Examples of neuromarketing technology in increasingly smaller devices are EEG headsets and “Galvanic Skin Response” devices. You wear the latter category around your wrist and they measure emotional arousal and stress. Furthermore, military and athletic fields are working with wearables and other portable devices that measure all kinds of physiological parameters. Other companies and universities are working on remote monitoring and assisting patients in order to reduce hospitalization. The authors propose future developments will bring the following opportunities:

  • Employing nanomarketing technology to measure emotional states in real time. Experimentation will become significantly less expensive, while at the same time  much more data can be collected. The reliability and validity of findings will greatly increase.
  • Nanomarketing devices can be unobtrusive and portable. They can be used in real-life and are much more comfortable for subjects.
  • Nanomarketing devices can be multifunctional. Different signals can be measured at the same time, which will increase reliability and validity of findings.
  • Laboratory experiments can be combined with daily life miniaturized devices’ tests. Multiple neurological, biological and physiological signals can be measured together. A deeper understanding of emotional states and their relation to consumer behavior can be gained.
  • With all the opportunities nanomarketing technologies bring, another opportunity arises: to create a nanomarketing ethical framework. This can help to defend consumer privacy and autonomy and better protect vulnerable population groups. An increased understanding of people’s brains and emotions can also, for instance, help to comprehend compulsive behaviors and buying habits and even protect consumers from destructive behavior.

Towards the future of neuromarketing with nanomarketing

Next to the possibilities mentioned by the authors, the future could bring even more possibilities in this area. I recently watched a TED talk that explained “transdermal optical imaging” technology that can detect lying from video footage with an accuracy of 85%, which is much better than humans perform (we score around 50%, in other words no better than probability theory would expect).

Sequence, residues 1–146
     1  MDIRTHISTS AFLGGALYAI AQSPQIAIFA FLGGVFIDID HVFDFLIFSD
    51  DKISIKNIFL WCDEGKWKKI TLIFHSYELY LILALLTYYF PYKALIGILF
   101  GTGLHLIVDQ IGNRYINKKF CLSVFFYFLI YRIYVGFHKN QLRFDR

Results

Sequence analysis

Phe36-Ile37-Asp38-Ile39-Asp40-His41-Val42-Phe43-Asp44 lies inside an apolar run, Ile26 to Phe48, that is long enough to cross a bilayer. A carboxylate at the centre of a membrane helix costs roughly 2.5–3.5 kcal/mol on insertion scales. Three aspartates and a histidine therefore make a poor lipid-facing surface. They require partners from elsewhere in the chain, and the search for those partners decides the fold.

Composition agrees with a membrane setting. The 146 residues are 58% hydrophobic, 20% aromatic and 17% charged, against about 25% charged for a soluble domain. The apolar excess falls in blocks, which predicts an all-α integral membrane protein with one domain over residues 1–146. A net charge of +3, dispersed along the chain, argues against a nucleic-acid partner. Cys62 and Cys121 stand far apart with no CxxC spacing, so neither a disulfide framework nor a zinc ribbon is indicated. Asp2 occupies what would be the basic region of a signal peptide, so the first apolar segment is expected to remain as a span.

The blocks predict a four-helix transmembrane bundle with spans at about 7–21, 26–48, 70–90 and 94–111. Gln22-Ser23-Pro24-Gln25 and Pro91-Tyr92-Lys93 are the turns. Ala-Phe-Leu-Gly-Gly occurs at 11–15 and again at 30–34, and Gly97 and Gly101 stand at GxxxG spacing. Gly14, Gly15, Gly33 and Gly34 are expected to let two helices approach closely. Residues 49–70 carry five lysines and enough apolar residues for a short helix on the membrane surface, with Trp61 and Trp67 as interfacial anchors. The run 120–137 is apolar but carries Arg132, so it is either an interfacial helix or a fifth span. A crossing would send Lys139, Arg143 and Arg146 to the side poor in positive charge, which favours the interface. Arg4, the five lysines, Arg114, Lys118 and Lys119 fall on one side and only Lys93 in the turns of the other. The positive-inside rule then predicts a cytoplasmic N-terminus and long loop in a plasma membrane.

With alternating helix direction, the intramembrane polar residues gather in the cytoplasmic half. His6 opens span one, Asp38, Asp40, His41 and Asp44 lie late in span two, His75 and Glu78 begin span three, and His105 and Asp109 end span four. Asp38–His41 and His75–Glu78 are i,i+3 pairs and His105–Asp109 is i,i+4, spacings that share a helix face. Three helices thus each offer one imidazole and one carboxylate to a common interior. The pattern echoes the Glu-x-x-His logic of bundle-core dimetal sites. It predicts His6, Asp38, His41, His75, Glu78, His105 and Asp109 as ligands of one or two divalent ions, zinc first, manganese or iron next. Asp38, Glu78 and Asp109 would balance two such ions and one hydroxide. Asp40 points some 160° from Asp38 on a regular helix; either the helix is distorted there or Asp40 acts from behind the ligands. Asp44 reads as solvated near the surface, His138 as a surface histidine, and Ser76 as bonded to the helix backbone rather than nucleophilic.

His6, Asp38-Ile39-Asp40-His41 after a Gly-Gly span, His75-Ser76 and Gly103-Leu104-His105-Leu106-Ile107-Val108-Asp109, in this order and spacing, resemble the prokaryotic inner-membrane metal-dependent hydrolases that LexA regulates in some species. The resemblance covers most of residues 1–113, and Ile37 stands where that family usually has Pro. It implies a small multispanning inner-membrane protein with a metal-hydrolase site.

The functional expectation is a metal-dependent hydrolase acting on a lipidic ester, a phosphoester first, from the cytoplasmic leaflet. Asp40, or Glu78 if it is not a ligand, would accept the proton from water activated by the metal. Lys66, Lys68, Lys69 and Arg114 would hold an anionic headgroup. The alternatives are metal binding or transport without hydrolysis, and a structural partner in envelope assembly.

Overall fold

Even heart rate, stress and mood can be determined from video images. Talk about unobtrusive technology! Although this example is still in a very early stage of development, the possibilities for the future are very promising.

In general, nanomarketing studies could revolutionize understanding of consumer behavior. Fundamental marketing principles such as attitudes, intention to purchase, advertising response and satisfaction could be investigated further.

Miniaturization of technologies can eliminate or at least improve current limitations of neuromarketing research. For marketing managers, nanomarketing can strongly improve the ability to test advertising effectiveness, evaluate product appeal and select an optimized media mix. Use of nanotechnologies can also benefit consumers as companies are better able to provide fitting products and services that enhance their lifestyles, and create more relevant advertising programs. 

  • Nanomarketing: the future of neuromarketing
  • Reference:

    Mileti, A., Guido, G. & Prete, M. I. (2016). Nanomarketing: A New Frontier for Neuromarketing. Psychology and Marketing, 33 (8), p. 664–674.